We get only 1-2 cores in a trucut; it is non TRUS-guided. A rpt bx may / may not be helpful. How often does a TURP help in such cases ? As Ca is supposed to be more commonly involving the peripheral region of the prostate, would a TURP help esp. if the pt. has severe obstructive symptoms ? I have posted a query recently on patho-l; you may like to look at it.
Best regards,Sandhya.

Dr.Prashant A.Jani M.D.FRCPC said...

Hello Dr. Sandhya,
Thanks for your comment.

In patients with previously negative biopsies, the diagnostic yield of TURP is low. Therefore, TURP for diagnostic purposes only cannot be recommended. However, in patients with an abnormal DRE and obstructive symptoms, surgery should be preferred over alternative treatment options.

Reference:
Detection of prostate cancer by TURP or open surgery in patients with previously negative transrectal prostate biopsies
Urology, Volume 62, Issue 5, Pages 883-887

sandy said...

Thank you.

List of all the posts

Interesting Case

Clinical History:

53 years male,History of hypertension and tachycardia,MRI abdomen:-Left adrenal mass:- size 5.8 cm Right renal mass:- size-3.0cm Microscopic examination of the renal mass showed vascular tumor with diffuse sheets of clear cells having Fuhrman grade III nuclei. There was no evidence of necrosis within the tumor. There was no evidence of extraparenchymal invasion.
Gross examination of the left adrenal gland revealed cortically centered, solid and multinodular mass measuring 6.5 x 6.0 x 5.0 cm and weighing 122 grams. The tumor was encapsulated but showed evidence of extraparenchymal penetration. The tumor had golden brown cut surface with areas of hemorrhage and necrosis. The partial nephrectomy showed 3.0cm x 3.0cm x 3.0 cm yellow solid mass which did not invade into the perinephric adipose tissue.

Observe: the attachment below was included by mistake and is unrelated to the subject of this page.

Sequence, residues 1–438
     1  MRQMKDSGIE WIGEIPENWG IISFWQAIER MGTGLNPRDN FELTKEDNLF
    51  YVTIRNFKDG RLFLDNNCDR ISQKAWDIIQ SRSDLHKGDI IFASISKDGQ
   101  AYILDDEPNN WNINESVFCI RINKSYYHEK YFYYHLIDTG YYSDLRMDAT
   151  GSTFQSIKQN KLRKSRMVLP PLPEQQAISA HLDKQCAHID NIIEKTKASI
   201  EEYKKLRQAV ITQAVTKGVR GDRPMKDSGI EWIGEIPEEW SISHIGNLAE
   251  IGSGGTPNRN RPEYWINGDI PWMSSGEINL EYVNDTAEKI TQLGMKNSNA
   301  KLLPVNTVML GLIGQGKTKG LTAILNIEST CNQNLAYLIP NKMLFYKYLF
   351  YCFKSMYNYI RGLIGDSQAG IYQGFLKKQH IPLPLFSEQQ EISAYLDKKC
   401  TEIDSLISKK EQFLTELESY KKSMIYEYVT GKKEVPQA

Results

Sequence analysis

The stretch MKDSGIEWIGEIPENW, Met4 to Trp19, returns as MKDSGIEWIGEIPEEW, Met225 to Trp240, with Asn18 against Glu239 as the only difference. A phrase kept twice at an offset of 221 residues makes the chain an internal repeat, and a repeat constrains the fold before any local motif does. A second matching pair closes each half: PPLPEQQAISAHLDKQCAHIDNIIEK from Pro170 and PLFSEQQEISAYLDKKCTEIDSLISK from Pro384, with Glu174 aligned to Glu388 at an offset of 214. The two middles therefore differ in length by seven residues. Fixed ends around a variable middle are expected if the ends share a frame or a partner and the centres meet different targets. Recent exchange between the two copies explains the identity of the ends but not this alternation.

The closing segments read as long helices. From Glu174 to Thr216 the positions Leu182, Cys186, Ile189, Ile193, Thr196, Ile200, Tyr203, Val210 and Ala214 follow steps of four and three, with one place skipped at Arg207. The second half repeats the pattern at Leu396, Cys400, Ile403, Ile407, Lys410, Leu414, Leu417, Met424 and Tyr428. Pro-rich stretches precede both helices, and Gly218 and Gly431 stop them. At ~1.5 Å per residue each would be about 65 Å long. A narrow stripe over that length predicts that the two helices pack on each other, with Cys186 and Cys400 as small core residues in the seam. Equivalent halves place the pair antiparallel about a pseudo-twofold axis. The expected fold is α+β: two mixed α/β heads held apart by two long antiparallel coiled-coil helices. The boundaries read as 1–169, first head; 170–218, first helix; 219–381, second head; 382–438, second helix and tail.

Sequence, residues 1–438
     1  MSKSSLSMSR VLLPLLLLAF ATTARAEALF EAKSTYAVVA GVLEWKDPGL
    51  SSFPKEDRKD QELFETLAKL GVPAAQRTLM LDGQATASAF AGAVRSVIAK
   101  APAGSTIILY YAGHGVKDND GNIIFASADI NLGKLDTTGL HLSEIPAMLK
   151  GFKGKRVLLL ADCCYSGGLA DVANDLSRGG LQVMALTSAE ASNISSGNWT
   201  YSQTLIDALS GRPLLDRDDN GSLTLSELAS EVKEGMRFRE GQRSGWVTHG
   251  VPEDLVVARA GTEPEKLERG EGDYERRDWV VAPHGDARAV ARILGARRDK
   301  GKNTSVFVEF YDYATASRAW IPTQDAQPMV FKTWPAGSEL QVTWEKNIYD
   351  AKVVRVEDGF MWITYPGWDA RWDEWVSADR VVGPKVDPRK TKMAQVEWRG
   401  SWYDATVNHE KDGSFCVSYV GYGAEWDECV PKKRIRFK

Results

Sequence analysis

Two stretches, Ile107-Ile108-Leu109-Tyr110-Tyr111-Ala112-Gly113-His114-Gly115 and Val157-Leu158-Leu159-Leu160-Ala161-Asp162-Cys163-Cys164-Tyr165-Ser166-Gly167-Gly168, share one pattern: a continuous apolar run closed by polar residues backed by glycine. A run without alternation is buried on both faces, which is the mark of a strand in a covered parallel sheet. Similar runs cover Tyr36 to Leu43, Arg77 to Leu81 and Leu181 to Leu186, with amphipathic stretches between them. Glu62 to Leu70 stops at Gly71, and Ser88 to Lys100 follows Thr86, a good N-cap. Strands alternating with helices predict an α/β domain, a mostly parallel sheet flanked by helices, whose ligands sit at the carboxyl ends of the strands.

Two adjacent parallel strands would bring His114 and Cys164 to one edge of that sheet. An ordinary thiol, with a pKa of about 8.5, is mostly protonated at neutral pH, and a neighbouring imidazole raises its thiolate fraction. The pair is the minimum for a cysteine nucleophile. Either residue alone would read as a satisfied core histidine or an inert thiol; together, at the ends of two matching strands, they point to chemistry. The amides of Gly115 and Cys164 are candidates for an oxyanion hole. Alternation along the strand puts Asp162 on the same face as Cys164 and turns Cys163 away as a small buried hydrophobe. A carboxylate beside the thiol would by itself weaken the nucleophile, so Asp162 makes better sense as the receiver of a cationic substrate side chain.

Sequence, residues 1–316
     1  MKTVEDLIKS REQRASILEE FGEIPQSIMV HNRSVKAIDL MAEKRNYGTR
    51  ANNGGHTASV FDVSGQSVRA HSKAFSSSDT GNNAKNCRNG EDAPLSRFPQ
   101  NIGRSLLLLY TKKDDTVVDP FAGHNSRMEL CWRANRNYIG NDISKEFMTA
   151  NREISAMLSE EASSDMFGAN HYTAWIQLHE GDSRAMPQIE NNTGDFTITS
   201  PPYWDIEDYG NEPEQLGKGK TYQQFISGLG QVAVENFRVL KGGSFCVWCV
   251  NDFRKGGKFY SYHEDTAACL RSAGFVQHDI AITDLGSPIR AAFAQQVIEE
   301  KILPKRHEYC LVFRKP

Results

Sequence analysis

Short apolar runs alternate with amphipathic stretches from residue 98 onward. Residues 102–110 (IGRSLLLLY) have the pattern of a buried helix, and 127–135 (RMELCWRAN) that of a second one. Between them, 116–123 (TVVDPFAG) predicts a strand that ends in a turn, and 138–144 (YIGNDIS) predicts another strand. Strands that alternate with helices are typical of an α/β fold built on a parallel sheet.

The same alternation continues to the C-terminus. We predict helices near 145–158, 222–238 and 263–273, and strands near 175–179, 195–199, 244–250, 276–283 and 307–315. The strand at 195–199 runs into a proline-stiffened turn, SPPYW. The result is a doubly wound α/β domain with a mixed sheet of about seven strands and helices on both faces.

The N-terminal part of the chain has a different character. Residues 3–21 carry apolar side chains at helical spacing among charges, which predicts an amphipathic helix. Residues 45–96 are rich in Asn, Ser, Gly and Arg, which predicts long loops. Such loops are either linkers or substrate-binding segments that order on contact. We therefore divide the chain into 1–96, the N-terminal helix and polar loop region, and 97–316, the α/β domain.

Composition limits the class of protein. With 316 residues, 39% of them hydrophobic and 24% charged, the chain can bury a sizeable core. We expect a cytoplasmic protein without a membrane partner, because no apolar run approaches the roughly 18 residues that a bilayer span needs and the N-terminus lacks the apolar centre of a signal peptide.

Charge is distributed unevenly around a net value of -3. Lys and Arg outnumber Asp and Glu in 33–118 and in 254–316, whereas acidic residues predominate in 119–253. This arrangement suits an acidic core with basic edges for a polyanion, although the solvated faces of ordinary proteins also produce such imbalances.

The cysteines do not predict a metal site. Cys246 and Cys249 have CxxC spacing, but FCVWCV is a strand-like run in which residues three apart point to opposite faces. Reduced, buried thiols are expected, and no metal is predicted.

Microscopically, the adrenal mass had predominant diffuse sheets and focal trabecular arrangements. The former pattern was present in about third of tumor. The cells had clear cytoplasm and round to ovoid nuclei with conspicuous nucleoli. Mitotic rate was 9/50 HPF and included atypical forms. Gross necrosis and capsular invasion were documented microscopically. There was no evidence of lymphovascular invasion. Considering the above mentioned features, a Weiss histopathologic score2 of 7/9 was applied.



Discussion:

The differential diagnosis included Renal Cell Carcinoma (RCC) with contralateral adrenal metastasis, Adrenocortical carcinoma (ACC) with contralateral renal metastasis, synchronous RCC and ACC or synchronous RCC and adrenocortical adenoma. A panel of immunohistochemical stains was performed to sort out the diagnosis. Adrenal tumor demonstrated strong Vimentin positivity and is negative for CK7, CK20, E1/AE3, EMA, Synaptophysin and S100.Renal cell carcinoma was positive for CK7, AE1/AE3, EMA (weak) and Vimentin. It was negative for CK20, Synaptophysin and S100. The difference of immunoprofile between the two tumors documented that they originated from two different primaries.

Final Diagnosis:

The diagnosis of synchronous RCC and ACC rather than metastasis influences the prognosis.

Prognosis:

The longest disease free interval after removal of contralateral adrenal metastasis was 12.1 years8 and the longest crude survival was 14.3 years. In contrast non metastazing RCC has an excellent prognosis if no metastasis developed.